The IRS’s own fraudulent notices

There are new tax scams where people receive fraudulent IRS notices that try to strong arm them into paying money the scammers are not entitled to. A big telephone scam was recently shut down in India, and another will certainly rise from the ashes. So, it is safe to say that taxpayers will always have to worry about fraudulent notices scaring them into having to pay something they don’t.

Unfortunately, one could argue that they have to worry about fraudulent notices from the IRS as well.

Fraud is one of those words that gets thrown around a lot. People don’t understand that fraud requires two parts. There is the act, and also an intent to defraud. That is, there is an intent to deceive someone intentionally. Suppose you make a mistake and send someone an incorrect bill because your software has a bug in it. That in and by itself isn’t fraudulent. Maybe negligence, but unless there was some intent to trick people into paying something they weren’t supposed to, there is no fraud.

Now, once you become aware that your software is spitting out incorrect notices, and you take no action to remedy the known mistake (by either fixing the program or no longer sending bills until the issue is corrected), someone could argue that is fraud. An omission can count as an act. When under the duty to do something and you don’t do it, the law can treat that — the failure to fix something — just as bad an act to do something.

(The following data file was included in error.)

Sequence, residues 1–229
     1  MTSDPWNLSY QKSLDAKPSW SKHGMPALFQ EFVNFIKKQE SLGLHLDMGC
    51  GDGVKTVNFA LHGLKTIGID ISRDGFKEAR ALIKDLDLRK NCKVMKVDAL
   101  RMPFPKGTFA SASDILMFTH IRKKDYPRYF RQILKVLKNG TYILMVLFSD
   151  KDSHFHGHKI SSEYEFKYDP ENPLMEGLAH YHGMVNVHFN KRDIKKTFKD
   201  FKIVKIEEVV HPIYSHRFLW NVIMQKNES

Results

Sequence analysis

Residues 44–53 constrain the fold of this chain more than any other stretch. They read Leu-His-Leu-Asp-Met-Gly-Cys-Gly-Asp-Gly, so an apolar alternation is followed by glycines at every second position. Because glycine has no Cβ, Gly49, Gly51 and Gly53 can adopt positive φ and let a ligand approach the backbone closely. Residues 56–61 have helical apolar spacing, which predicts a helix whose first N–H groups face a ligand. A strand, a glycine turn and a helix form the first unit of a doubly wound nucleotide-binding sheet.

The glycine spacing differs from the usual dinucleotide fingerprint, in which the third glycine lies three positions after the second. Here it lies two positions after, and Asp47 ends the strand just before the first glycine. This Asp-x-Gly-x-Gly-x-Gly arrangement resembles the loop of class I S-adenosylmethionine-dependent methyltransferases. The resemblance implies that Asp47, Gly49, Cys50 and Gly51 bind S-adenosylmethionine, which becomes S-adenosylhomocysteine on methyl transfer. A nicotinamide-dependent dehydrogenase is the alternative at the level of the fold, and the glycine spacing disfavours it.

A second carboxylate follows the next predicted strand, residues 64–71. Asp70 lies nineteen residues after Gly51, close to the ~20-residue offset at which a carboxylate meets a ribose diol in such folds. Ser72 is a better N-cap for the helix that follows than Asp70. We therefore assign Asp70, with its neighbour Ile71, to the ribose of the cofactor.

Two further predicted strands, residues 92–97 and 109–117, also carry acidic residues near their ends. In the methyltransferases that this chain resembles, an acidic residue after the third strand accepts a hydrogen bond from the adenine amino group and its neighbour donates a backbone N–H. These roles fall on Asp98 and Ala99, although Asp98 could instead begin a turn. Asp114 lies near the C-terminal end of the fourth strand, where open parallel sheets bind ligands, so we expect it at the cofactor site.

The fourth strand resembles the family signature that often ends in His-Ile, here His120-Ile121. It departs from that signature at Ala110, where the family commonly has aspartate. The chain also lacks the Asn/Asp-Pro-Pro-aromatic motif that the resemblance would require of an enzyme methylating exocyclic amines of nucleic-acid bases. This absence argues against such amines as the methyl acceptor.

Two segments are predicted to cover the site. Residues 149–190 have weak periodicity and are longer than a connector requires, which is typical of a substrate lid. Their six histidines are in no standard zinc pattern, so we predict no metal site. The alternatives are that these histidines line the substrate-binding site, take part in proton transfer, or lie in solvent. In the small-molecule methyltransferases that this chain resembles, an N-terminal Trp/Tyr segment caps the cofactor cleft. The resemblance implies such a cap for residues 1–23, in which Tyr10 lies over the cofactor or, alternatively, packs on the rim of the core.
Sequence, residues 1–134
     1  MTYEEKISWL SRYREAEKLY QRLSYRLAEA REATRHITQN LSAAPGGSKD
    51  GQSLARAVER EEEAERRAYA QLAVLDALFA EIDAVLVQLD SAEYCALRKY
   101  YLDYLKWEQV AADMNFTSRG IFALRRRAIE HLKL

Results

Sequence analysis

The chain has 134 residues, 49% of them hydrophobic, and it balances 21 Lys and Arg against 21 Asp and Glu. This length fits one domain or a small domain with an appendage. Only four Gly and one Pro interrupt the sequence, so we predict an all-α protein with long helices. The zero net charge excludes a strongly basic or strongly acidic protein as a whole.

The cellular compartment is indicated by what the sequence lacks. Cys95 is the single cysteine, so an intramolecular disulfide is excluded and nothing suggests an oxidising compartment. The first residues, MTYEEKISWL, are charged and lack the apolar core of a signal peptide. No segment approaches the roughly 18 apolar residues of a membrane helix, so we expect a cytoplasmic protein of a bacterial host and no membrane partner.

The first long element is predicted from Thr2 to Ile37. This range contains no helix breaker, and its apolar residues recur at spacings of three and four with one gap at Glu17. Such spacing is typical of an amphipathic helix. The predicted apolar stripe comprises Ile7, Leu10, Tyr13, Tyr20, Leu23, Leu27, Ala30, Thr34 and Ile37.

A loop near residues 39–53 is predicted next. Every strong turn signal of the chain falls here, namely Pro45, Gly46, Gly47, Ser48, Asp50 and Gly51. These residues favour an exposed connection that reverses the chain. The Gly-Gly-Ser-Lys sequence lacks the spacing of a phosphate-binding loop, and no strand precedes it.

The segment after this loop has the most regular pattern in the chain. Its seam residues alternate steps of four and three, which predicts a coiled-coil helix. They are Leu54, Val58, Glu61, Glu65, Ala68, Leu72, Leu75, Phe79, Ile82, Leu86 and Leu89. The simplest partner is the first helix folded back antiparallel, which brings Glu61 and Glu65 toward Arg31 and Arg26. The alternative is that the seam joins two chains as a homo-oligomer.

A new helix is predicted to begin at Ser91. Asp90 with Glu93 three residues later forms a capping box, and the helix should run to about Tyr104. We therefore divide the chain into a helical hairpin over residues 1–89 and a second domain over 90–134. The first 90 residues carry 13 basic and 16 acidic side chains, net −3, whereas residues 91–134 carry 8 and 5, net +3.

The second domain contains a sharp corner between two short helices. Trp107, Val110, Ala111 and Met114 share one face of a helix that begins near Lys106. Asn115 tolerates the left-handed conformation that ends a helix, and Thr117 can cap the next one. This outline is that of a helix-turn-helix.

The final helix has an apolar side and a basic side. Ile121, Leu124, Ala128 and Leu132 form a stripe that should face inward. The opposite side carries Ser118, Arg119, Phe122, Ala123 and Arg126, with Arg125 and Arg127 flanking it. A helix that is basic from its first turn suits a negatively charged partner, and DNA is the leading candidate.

We see a very specific set of circumstances in which one could argue that the IRS is fraudulently sending out a notices it knows to be incorrect because its software has a fairly obnoxious bug.

To understand this mess, there are two things we need to get familiar with: The Alternative Minimum Tax, and the IRS Automated Under Reporting (AUR) Unit.

What is the Alternative Minimum Tax?

The AMT, as amended in 1982, imposes a parallel system of income taxes where the overall rates are lower, but many deductions are eliminated or phased out. The point is that Congress wanted more, so you pay whichever bill is higher. Your regular tax, or your bill under the AMT regime.

Your AMT is calculated on IRS Form 6251. Tax software will generate a Form 6251 even when you don’t even owe the AMT. Why? Because the AMT needs to be calculated as if it is higher than your “regular” tax from your 1040, so you would have to pay the AMT.

Your initial AMT is on Line 31 of Form 6251. After any foreign tax credits, Line 33 lists your tentative AMT. But you might not have to pay it, right? Because first, you have to compare it with your regular tax to see which is more. On Line 34 you list your regular tax, and subtract it from your tentative AMT of Line 33. So if your regular tax is greater, your AMT zeros out. You have no AMT to pay. You have your regular tax to pay.

So remember these Lines:

  • 31 = Initial AMT
  • 32 = Foreign Tax Credits to reduce Initial AMT
  • 33 = Tentative AMT
  • 34 = “Regular” income tax
  • 35 = Actual AMT to pay

This will become important shortly but first we must talk about the IRS Automatic Under-Reporting Unit.

The IRS Automatic Underreporting Unit (AUR)

A W-2 or 1099 are both types of third-party reporting. Whether you receive wages (and in certain instances when you receive money) the person paying the money is obligated to send a report to the IRS. The IRS collects this information to match it with the taxpayers return.